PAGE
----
How to Paint Gore + Blood Effects

If you have any questions / comments, please feel free to post on the forum thread for this tutorial.

This tutorial is about painting blood and guts...

So first here's a picture of my kitten:



:shock: :shock: :shock: Hopefully that'll balance out the amount of red sticky stuff about to come..


Gore

For this you will need:
Blood mix *see below*
GW Paints: Chainmail, Devlan Mud, Scorched Brown, Bleached Bone, Fortress Grey.
Tamiya 'clear' Paints: 'Smoke' (x17) 'Clear Red' (x27)
Nice brushes, I recommend W&N Series 7 or Series 7 Miniature
An airbrush, or the cheaper alternative of a cocktail stick!
Halfords Grey Primer (yes I love it)

I'm demonstrating this on a weapon, but I used it on my bragg mini.
Step 1
Priming, halfords grey all the way; it's the tits, no debate here, buy some, it's amazing to paint over, and it protects your little toy soldiers from the rigours of battle/storage/abuse!


Step 2
Undercoating: Calthan Brown (foundation, good coverage=win!) and chaos black - I always undercoat any area which is going to be silver black, and anywhere gold/bronze brown: = easier smoother coverage.


Step 3
Highlighted straps 1:1 Bleached Bone:Fortress grey, it's a nice neutral mix with good coverage
Blade = Chainmail, three thin (skimmed milk) watered down coats.


Step 4
Everyone's Favourite - Devlan Mud all over, wait for it to dry 100%, if you want more shading go for another coat; I kept it light because the red will show up better on something which hasn't been dulled hugely.


Step 5
Highlights, Chainmail on the edge of the blade, repeat the mix from step 3 on the straps.


Step 6
Airbrush Method: This takes a bit of practice (elsewhere on a piece of paper before the model, once you push that trigger there's no going back :shock:), and a dual action airbrush. Turn your pressure down low put in a drop of blood mix, you won't need much pull the needle back, then allow it to go forwards, then press down on the trigger, releasing the pressure, this should make a 'splatter' of blood as the needle released onto the needle is all blown off in one go.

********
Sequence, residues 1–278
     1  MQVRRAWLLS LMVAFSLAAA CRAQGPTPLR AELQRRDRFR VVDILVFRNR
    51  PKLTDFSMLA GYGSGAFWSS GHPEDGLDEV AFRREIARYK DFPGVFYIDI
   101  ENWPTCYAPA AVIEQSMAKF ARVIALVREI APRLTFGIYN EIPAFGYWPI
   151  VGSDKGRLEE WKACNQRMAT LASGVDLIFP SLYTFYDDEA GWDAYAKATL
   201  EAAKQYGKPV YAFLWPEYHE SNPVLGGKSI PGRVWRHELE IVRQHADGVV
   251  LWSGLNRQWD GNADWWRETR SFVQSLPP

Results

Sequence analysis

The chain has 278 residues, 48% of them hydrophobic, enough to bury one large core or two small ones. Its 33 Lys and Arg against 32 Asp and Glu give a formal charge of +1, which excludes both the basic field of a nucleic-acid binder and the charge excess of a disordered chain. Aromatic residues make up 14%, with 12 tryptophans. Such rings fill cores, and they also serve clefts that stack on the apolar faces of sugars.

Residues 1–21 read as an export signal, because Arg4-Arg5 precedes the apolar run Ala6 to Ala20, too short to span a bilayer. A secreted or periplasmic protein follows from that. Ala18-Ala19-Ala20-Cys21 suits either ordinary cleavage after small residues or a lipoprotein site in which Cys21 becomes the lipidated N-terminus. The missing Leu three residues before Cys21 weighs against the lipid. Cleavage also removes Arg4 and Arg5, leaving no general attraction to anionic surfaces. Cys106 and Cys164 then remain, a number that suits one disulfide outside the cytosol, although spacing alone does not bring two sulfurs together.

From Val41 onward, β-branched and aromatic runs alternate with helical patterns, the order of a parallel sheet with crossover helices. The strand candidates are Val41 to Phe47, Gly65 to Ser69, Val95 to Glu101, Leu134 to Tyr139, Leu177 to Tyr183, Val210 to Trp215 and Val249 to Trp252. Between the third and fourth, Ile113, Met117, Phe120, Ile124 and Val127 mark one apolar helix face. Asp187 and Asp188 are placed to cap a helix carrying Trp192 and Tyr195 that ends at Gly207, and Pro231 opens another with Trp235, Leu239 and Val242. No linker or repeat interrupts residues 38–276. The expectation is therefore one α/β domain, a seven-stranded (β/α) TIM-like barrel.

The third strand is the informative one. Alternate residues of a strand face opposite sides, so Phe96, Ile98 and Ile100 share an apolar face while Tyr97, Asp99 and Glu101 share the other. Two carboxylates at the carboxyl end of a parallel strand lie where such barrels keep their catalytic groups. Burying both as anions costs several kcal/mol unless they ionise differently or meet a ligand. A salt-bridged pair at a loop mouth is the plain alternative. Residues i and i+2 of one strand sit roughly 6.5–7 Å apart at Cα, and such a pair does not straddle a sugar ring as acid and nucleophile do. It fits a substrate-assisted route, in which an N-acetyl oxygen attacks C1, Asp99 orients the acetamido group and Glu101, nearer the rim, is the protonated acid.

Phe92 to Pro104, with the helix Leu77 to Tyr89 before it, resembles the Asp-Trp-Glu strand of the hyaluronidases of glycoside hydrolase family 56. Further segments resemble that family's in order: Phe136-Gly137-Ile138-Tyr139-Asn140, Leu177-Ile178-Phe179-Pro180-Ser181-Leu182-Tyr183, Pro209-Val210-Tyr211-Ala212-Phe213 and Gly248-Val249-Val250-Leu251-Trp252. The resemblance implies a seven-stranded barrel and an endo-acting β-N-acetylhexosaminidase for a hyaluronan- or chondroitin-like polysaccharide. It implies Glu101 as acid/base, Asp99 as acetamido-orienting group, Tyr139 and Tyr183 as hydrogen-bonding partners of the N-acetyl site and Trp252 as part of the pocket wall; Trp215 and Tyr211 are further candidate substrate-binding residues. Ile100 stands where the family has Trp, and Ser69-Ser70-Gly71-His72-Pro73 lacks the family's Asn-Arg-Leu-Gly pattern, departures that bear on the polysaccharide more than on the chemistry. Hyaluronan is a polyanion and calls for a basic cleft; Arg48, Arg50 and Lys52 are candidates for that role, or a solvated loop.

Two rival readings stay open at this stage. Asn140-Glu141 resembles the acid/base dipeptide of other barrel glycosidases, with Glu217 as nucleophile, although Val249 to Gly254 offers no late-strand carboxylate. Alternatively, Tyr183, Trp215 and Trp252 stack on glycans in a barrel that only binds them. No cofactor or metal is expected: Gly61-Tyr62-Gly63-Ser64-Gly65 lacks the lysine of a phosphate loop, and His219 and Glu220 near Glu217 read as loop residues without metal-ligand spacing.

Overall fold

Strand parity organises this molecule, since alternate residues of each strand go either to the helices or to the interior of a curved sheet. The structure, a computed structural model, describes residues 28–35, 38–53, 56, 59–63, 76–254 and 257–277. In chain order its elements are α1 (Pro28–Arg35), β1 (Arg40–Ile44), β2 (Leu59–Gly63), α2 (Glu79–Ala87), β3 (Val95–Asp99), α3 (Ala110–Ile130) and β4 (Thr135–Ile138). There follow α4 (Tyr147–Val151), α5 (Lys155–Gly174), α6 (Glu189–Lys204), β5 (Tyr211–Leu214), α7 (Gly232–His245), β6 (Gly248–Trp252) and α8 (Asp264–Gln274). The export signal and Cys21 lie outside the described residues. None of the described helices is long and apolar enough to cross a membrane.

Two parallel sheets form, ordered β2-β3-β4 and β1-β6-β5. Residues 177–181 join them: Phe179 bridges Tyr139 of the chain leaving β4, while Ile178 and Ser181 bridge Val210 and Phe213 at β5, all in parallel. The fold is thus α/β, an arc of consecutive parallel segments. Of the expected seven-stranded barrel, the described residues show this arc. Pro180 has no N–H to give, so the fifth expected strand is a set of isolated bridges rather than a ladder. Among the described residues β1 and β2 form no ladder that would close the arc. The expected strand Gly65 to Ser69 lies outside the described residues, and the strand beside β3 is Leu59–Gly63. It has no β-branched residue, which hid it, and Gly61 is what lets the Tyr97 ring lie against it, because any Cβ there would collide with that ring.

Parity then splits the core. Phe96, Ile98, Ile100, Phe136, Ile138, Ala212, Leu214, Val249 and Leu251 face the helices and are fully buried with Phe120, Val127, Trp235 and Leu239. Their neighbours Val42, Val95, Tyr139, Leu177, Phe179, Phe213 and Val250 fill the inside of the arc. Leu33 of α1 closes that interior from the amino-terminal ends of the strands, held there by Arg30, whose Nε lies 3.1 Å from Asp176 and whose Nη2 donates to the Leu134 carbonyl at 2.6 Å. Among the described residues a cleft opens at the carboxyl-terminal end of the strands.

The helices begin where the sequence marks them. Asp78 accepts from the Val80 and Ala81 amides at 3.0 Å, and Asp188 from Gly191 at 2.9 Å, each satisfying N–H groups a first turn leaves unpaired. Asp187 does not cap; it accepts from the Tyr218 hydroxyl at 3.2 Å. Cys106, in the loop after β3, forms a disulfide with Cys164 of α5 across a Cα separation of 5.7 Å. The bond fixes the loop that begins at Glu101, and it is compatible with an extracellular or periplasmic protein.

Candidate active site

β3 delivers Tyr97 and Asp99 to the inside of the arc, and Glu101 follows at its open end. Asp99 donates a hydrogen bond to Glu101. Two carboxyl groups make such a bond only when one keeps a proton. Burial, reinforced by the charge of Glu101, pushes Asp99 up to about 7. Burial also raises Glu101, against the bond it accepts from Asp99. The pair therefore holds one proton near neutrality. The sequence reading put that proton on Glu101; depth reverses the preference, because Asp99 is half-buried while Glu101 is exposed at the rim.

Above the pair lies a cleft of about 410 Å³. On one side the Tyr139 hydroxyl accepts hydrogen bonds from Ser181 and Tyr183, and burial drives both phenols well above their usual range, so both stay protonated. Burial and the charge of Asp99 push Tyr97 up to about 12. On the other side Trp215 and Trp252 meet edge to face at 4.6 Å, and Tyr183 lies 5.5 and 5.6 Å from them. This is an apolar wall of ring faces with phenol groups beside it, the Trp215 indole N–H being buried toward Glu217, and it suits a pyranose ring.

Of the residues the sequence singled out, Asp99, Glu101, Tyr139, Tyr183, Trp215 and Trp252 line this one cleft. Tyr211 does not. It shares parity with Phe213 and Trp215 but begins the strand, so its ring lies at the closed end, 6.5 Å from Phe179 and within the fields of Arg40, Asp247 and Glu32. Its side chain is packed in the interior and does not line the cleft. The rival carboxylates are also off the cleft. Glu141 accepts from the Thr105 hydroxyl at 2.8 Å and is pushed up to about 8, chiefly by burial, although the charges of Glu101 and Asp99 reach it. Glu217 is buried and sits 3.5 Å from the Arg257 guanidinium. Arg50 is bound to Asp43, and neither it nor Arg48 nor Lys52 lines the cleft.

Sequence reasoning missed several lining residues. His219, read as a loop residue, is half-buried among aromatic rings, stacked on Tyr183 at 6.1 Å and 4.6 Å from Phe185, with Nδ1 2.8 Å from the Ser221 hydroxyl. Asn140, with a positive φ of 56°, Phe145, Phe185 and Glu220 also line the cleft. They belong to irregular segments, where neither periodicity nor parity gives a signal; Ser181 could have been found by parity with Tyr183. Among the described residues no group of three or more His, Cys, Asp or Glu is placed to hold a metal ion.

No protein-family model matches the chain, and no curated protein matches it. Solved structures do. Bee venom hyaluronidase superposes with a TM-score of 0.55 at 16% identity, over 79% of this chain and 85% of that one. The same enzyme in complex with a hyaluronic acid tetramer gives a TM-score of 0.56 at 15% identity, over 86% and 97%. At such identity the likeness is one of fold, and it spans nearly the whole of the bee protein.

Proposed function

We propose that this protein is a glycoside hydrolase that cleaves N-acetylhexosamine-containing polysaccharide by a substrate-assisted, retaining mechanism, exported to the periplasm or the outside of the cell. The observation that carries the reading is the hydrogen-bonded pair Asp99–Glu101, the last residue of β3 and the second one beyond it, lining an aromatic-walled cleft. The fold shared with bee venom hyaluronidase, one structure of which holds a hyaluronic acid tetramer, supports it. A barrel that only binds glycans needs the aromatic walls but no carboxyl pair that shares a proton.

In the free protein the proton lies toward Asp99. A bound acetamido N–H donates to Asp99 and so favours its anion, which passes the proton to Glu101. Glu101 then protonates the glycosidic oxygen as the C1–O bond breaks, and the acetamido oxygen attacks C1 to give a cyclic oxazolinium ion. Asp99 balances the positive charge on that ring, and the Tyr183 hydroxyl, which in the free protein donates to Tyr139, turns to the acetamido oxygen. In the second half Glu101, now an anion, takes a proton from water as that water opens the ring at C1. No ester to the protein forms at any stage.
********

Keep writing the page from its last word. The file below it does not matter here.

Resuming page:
Easier/cheaper Methods
Flick it off a toothbrush (only works if it's not already on the model/you're doing the model in general, or you can mask off the other areas)
Take one toothpick, and dab on your mix, try and keep it 'random'


Step 7
Using your blood mix paint thin streaks down the blade (or in the case of general gore wherever rivulets of blood would form - e.g. if it's flowing down arms then in the creases of the elbow etc).
Repeat as necessary



Step 8
Take your tamiya clear red (perform this step with smoke first if you want it dark) and carefully follow your streaks/where you want the blood to look fresh, this is a V glossy paint, and it's thick, so be careful and take your time, I've not experimented with thinning it yet but I'll edit this if it works.


Done, here's the result on a model


You can apply this anywhere, weapons, bases, cuts and bruises on skin:


A few 'drips' always work well, try to thing how liquid would be have on the model, I used the 'splatter' technique quite a lot on this one:


In essence this 'technique' is an exhibition of how good tamiya clear products are, they're amazing, and versatile!

*Blood Mix*
Mine's made from about 10different paints, mixed until I was happy, basically involve washes, a red, a brown/blow and some water effects and you can't go wrong, mine looks like this:



And contains (roughly)
Paints
Scab Red
Blood Red
Red Gore
Scorched Brown
Chaos Black
Liche Purple
Dark Angels Green

Washes

Purple
Green
Devlan
Red (lots)

Other Stuff

Vallejo water effects
Vallejo Glaze Medium
Gin (I ran out of thinner)